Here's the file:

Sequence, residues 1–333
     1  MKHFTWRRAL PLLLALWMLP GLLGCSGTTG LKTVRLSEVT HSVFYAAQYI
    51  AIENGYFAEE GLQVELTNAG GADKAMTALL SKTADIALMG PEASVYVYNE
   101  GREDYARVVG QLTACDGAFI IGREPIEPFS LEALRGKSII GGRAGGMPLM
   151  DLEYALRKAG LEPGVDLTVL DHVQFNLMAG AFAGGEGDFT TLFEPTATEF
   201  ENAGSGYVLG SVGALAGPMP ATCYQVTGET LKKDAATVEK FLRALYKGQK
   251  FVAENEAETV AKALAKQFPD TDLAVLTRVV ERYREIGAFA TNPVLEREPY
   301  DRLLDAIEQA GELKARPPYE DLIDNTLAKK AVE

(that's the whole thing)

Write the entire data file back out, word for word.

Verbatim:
Sequence, residues 1–333
     1  MKHFTWRRAL PLLLALWMLP GLLGCSGTTG LKTVRLSEVT HSVFYAAQYI
    51  AIENGYFAEE GLQVELTNAG GADKAMTALL SKTADIALMG PEASVYVYNE
   101  GREDYARVVG QLTACDGAFI IGREPIEPFS LEALRGKSII GGRAGGMPLM
   151  DLEYALRKAG LEPGVDLTVL DHVQFNLMAG AFAGGEGDFT TLFEPTATEF
   201  ENAGSGYVLG SVGALAGPMP ATCYQVTGET LKKDAATVEK FLRALYKGQK
   251  FVAENEAETV AKALAKQFPD TDLAVLTRVV ERYREIGAFA TNPVLEREPY
   301  DRLLDAIEQA GELKARPPYE DLIDNTLAKK AVE